Thursday, March 24, 2011

2x16kg Jerks and muscle motor groups

I had a goal this week.  I wanted to test my longest set of snatches and my longest set of jerks.  I actually practiced rack carries to investigate why I struggle to find rest in a set of jerks.  Learning a lot about myself and this kind of training.

First, in my last entry, I mentioned an article by Rudnev and Lopatin on how kettlebell sport is an endurance sport, better suited to rowers and cross-country skiiers than to powerlifters.  The question has been raised whether you (the royal "you") really need the additional maximal strength to excel in this sport, or whether it's just sexy and distracting.

Second, the latest edition of the Power By Pavel Newsletter came out today from the RKC school, including three articles on the topic of rep speed.  The article "Lifting Speed Matters", by neurophysiologist Chad Waterbury, was my take-home message.  In brief, our strongest nerve-muscle "motor groups" are only recruited into a movement after our two weaker and longer-lasting motor group types have already been fully activated.  Therefore, to produce power efficiently and safely, lift quickly with a maximum force to recruit all three muscle types.  These strongest motor groups only have seconds of reserve before they turn off.  The next strongest last for minutes before they fatigue out.  This was presented with the angle that lifting too slow or too long leaves the lift supported by weaker motor units, causing soreness and long recovery.

There is a complementary point behind this, that sub-maximal training can be extended for minutes instead of seconds.   Training medium-heavy for 3min, 5min, 10min builds endurance in your fast-fatigue-resistant motor units, and this is where kettlebell sport comes in.  When those motor units can keep you and the bells upright between reps, your strongest motor units can recover and join in the next launch.  This is the value of carrying weight around: learning the difference between support and launch, letting the launch muscles rest between reps, training the support muscles to be strong enough to assist the launch.  My previous weakest link is no longer my current weakest link.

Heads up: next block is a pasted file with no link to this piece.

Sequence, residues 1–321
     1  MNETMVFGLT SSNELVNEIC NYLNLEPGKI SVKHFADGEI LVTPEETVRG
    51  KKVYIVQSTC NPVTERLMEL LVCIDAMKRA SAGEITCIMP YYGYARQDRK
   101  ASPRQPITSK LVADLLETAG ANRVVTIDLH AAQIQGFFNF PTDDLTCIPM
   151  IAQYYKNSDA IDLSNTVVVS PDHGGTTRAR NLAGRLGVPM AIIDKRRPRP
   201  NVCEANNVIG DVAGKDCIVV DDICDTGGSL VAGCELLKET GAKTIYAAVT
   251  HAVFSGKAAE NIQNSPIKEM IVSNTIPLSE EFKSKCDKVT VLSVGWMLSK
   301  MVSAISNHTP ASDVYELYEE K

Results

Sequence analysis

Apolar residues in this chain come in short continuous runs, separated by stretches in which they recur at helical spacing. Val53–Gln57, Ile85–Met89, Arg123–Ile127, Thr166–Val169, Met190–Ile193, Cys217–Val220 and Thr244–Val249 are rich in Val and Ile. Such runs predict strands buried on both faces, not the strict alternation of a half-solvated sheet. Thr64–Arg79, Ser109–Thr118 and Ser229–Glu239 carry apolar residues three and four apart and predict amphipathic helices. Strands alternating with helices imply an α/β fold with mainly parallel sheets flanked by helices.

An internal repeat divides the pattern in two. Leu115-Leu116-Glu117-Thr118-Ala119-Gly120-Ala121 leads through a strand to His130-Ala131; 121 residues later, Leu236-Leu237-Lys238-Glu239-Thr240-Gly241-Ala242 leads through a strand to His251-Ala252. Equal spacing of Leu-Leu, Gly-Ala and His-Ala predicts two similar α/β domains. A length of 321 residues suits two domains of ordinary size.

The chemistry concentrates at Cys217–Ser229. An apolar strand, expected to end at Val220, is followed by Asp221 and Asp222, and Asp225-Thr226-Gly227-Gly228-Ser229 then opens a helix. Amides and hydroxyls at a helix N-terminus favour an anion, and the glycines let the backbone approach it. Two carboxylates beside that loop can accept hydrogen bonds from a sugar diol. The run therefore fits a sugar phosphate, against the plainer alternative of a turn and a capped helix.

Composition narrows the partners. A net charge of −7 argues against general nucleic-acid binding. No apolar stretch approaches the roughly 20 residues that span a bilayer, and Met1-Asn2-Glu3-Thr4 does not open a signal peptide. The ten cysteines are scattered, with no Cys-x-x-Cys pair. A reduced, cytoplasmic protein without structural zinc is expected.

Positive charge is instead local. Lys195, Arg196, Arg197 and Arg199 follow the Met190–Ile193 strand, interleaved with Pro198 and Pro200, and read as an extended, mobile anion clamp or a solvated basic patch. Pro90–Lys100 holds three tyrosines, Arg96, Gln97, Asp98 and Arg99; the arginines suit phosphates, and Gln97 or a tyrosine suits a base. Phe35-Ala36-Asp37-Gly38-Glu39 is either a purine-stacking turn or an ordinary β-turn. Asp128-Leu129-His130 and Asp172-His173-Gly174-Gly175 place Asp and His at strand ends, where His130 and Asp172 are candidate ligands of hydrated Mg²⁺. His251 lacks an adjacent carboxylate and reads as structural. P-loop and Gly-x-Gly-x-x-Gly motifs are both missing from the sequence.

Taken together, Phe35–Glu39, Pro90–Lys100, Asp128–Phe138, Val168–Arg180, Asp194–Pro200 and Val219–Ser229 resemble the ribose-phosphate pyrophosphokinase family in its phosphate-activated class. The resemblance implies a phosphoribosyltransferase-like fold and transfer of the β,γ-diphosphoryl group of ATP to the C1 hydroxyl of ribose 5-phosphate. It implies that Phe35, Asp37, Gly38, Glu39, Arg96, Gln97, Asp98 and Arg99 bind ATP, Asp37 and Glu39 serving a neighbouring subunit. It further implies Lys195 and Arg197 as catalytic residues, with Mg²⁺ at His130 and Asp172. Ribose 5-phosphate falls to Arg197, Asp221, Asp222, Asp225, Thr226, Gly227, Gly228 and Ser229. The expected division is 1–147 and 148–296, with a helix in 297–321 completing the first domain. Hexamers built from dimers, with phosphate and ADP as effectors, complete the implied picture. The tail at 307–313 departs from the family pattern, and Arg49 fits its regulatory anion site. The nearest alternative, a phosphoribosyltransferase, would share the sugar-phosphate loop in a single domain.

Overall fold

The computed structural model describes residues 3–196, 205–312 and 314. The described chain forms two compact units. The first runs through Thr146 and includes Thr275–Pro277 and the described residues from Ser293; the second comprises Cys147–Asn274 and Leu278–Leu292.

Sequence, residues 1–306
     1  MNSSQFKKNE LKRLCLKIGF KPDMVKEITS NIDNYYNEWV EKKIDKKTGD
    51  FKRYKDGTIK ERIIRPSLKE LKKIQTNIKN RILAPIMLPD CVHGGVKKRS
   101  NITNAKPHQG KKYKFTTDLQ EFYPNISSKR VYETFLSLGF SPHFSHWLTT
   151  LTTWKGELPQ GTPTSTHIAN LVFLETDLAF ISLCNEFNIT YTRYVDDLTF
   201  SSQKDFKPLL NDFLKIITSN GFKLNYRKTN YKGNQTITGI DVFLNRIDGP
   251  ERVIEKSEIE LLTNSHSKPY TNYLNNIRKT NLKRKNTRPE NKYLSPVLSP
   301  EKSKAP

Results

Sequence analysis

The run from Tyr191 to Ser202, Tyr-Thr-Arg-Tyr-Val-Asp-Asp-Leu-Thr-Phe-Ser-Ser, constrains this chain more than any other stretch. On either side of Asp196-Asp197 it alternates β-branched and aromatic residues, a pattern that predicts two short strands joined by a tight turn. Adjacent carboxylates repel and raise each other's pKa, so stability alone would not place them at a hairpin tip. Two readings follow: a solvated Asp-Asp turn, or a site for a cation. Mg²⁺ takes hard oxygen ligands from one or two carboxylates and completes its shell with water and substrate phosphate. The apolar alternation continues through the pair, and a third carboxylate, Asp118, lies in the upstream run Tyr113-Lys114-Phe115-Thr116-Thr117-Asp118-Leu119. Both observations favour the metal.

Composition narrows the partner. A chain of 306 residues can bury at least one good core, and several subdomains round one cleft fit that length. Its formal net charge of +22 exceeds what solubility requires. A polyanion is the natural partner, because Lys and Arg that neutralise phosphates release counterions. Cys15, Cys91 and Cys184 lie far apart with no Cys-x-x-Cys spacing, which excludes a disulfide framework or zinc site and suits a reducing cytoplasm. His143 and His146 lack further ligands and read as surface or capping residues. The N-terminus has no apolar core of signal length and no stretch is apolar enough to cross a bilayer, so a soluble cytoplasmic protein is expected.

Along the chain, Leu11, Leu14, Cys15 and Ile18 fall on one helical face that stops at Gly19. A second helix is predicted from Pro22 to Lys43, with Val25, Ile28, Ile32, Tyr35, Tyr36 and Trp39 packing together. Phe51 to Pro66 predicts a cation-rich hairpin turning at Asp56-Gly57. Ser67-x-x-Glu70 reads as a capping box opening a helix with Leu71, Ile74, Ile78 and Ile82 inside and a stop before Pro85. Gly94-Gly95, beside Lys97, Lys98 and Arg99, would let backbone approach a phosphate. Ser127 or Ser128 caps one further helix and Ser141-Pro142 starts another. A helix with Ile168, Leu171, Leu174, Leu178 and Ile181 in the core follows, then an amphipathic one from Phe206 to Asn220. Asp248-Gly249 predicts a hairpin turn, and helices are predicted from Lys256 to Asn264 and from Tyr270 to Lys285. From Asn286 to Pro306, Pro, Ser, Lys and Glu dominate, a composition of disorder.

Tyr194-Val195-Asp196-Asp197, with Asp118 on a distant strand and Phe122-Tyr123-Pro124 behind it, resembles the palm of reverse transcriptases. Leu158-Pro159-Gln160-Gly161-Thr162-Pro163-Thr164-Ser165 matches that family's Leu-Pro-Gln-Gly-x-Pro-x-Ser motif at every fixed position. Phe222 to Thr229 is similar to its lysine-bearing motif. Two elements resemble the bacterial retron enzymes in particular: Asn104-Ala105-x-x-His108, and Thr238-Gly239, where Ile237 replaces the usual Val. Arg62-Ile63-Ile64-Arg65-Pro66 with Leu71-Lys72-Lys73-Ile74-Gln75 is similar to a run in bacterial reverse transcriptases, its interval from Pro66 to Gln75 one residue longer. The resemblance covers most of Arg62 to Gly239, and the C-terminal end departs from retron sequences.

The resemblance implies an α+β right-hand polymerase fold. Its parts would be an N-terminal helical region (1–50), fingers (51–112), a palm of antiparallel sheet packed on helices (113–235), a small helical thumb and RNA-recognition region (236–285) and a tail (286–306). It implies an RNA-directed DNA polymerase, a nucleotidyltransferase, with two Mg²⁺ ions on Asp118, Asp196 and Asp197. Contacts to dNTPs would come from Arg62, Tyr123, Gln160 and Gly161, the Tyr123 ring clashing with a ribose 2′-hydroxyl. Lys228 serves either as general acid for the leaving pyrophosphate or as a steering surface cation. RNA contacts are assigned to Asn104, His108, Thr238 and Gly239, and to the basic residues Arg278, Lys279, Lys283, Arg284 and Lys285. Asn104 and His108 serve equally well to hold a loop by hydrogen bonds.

--
03/23 Stretch and recovery work
5am on the job, followed by foam roller and sun salutations

Before lunch, a few pullups and pistols. Helluva day.
Evening work: 2x16kg rack carries 3' + 1'rest x3
Learned a lot about myself.
Stretch well.


--
03/24 2x16kg Jerk
Warmup: Windmills, OAJ, stretch and joints, 220 step dbl carry
- Jerk. PR is 27/2'. Go 4-5' at whatever slow pace is necessary.
1'@6 to warmup

TEST
31/4' (8,8,8,7) PR
hands got sore, not muscles
2'@8, 2'@4 walking around
 = 55 total

-
5 FSQ 30 JSQ x1
C&P 5 x2
Peterson Step Ups 15,15
15' cycling, 4.2 mi on variable hill program
Stretch, 250 step dbl carry home




Just wow.  PRs in both biathlon events this week at 16kg.  Take a few days off and resume added volume work with 12kg snatches and 2x16kg carries next week.

My flexibility has changed.  In a seated hamstring stretch, I touched forehead to knee, both with feet together and in a 120deg split.  I've never, ever done that before.  Granted, I wake up every day with a tight right IT band, but I am overall not carrying a lot of soreness around.

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